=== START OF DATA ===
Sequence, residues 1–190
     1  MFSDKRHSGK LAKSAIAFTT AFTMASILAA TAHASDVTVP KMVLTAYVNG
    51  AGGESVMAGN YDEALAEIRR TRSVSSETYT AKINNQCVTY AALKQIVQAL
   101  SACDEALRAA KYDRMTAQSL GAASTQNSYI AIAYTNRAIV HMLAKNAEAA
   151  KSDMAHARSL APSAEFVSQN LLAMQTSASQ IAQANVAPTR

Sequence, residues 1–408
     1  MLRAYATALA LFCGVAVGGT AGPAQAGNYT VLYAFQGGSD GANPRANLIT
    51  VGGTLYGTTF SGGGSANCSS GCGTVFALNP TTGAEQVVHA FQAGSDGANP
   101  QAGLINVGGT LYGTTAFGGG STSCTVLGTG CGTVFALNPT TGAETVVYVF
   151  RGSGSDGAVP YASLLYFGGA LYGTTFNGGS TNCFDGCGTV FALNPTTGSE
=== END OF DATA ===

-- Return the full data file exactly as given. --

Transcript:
Sequence, residues 1–190
     1  MFSDKRHSGK LAKSAIAFTT AFTMASILAA TAHASDVTVP KMVLTAYVNG
    51  AGGESVMAGN YDEALAEIRR TRSVSSETYT AKINNQCVTY AALKQIVQAL
   101  SACDEALRAA KYDRMTAQSL GAASTQNSYI AIAYTNRAIV HMLAKNAEAA
   151  KSDMAHARSL APSAEFVSQN LLAMQTSASQ IAQANVAPTR

Sequence, residues 1–408
     1  MLRAYATALA LFCGVAVGGT AGPAQAGNYT VLYAFQGGSD GANPRANLIT
    51  VGGTLYGTTF SGGGSANCSS GCGTVFALNP TTGAEQVVHA FQAGSDGANP
   101  QAGLINVGGT LYGTTAFGGG STSCTVLGTG CGTVFALNPT TGAETVVYVF
   151  RGSGSDGAVP YASLLYFGGA LYGTTFNGGS TNCFDGCGTV FALNPTTGSE